An Introduction to Data Structures in JavaScript

Bret Cameron
Sep 30 · 9 min read
Photograph of a metal chain
Photograph of a metal chain
Photo by JJ Ying on Unsplash

What’s the best way to store data in a list? In computer science courses, linked lists are one of the first data structures learners encounter. They’re an abstract data type, in which each element points to the next one and — in theory — that brings certain advantages for performance.

There’s plenty of information about linked lists in lower-level languages like C and C++, where they’re more likely to be applied. But, in this article, I want to make this information more accessible to others — like self-taught developers or bootcampers — who are more comfortable working in higher-level, web development languages like JavaScript.

Will I Ever Need to Implement a Linked List in JavaScript?

This may seem like a strange answer for an article dedicated to the subject — but no, you probably won’t.

In theory, linked lists should be faster than arrays in certain situations, such as inserting new items. But, in practice, they’re not. That’s because arrays are highly optimised by JavaScript engines like Google’s V8, written in C++. Unless linked lists were introduced to the ECMAScript specification and given the same kind of optimisations, arrays (or Sets) remain the fastest choices.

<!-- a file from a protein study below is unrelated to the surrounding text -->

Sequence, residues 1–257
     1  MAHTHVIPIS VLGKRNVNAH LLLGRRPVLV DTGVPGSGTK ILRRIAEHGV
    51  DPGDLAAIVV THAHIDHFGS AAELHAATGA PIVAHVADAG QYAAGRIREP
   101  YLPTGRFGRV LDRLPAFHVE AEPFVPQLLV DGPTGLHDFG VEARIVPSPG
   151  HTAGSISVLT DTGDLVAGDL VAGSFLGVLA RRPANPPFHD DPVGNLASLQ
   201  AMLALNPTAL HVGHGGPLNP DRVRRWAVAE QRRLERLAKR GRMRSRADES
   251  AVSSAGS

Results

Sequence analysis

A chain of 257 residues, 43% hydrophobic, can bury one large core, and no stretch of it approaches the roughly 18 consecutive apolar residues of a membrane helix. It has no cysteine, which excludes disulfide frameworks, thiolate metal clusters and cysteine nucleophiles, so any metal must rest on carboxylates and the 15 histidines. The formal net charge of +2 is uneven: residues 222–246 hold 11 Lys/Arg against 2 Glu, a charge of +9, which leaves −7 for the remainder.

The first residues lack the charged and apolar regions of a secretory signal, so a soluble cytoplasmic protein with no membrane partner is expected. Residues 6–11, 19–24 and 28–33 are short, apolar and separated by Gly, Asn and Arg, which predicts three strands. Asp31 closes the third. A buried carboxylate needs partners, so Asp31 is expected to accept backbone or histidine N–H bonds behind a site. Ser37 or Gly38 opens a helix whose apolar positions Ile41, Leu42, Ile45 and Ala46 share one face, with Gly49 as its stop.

So, Why Bother?

Well, as JavaScript becomes the language of choice for more and more programmers, it seems appropriate that important computer science topics should be explained in a language people are comfortable with.

Going through this process has helped deepen my knowledge of the kind of considerations and trade-offs that go into making a library, compiler or even an entire programming language. This knowledge can help us make better decisions in our production code, even if we’re not using linked lists.

Plus, this popular npm package has over 50,000 weekly downloads, so there’s clearly some demand!


What’s the Difference Between an Array and a Linked List?